Chicago Theatre Review

Chicago Theatre Review

Razor-Sharp Satire Lands Brilliantly in PULSE Theatre’s ‘Colored Museum’

October 1, 2016 Reviews Comments Off on Razor-Sharp Satire Lands Brilliantly in PULSE Theatre’s ‘Colored Museum’

The Colored Museum – Pulse Theatre


“People kept asking for a ‘Black play.’ I kept asking, ‘What’s a Black play?’ Four walls, a couch, and a mama? I can’t live within those old definitions.” –George C. Wolfe

“The Colored Museum,” the 1986 play from theater luminary George C. Wolfe, is not an easy play to produce. A brilliant, ruthless satire of America and its limited, stereotypical grasp of both race and Black culture, “The Colored Museum” is composed of 11 scenes, each of which portray a different stage of the Black experience. For instance, there is the opening scene, “Git on Board,” which ruthlessly reimagines the transatlantic slave trade as a 1980s plane flight, with a plucky stewardess (the dynamic Demetria Drayton) informing her passengers to shackle their arms and legs, not play any drums, and, upon arrival in Savannah, Georgia, to abandon their native cultures and adopt the religion of their new masters; there is “The Hairpiece,” a hilarious bit involving a young woman and the two mannequins in her room – one wearing an afro wig (the charismatic Deanna Reed-Foster), the other a long, flowing, Barbie-esque hairpiece (the talented Ekia Thomas) – who argue over which wig she should wear; and in perhaps the play’s most famous bit, there is “The Last Mama-on-the-Couch Play,” an unrelenting (and sidesplitting) parody of “A Raisin in the Sun” that manages to blast holes in 1950s melodrama, drama cliches, and musical theater all across its scene.

Obviously, “The Colored Museum” is not for the faint of heart, and I’ll admit to a slight sense of trepidation as I entered the eta Creative Arts Foundation’s beautiful facilities in Chicago’s South Shore neighborhood. Would the Pulse Theatre Company and its creative team had the necessary chops to bring Wolfe’s satire to life? Suffice to say, my hesitations could not have been more poorly placed. Boldly co-directed by Aaron Mitchell Reese and Donterrio Johnson (a familiar face in Chicago’s musical scene) and featuring a remarkably talented ensemble, there is not a dull moment in Pulse’s production.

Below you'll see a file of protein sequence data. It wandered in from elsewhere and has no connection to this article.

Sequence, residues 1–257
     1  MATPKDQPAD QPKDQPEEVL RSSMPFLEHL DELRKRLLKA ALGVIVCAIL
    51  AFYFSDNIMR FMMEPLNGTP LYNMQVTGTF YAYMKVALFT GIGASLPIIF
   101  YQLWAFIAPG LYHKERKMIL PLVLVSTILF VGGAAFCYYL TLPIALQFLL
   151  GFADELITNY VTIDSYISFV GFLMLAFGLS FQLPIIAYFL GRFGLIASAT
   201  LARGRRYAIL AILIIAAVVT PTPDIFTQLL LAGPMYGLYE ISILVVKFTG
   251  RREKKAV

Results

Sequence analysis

Wolfe has described his play as a simultaneous “exorcism” and “celebration” of Black culture, and that duality is palpable in every scene of this production. Consider, for instance, the scene titled “Symbiosis.” A man dressed in professional clothes (the magnetic Jelani West) opens a dumpster, and begins discarding all the elements of Black culture that he can – his dashiki, his “Free Huey” pins, even his old soul records. Before long, his conscience (embodied by the versatile Ben F. Locke) begins arguing with him over his decision, and begs him to retain those aspects of who he is. Across the scenes few minutes, there is drama, such as when the man proclaims that he will only advance in American society without his culture; there is comedy, such as when the man’s conscience demands he keep his Jackson 5 LP, as it is “the evidence that Michael Jackson had a black nose”; and there is tragedy, when the man discards his conscience along with those buttons and records.

Clearly, “The Colored Museum” is a play of remarkable nuance and many layers, and one that is particularly well timed to today’s America, one that has seen a resurrection of unabashed Blackness within mainstream entertainment circles and a bold reinsertion of civil rights into the national discourse; indeed, both Reese and Johnson speak to the show’s prescience in essays that accompany the playbill.

The theater may be a few miles south of the city’s typical theater circuit, but “The Colored Museum” is necessary theater for a 21st century Chicago, and is well, well worth the time.

Highly Recommended

Reviewed by Peter Thomas Ricci


Presented through Oct. 23 by PULSE Theatre Company at the eta Creative Arts Foundation, 7558 S. South Chicago Avenue, Chicago.

Tickets are available by calling the box office at 773-404-7336 or by going to

Additional information about this and other fine area productions can be found by visiting

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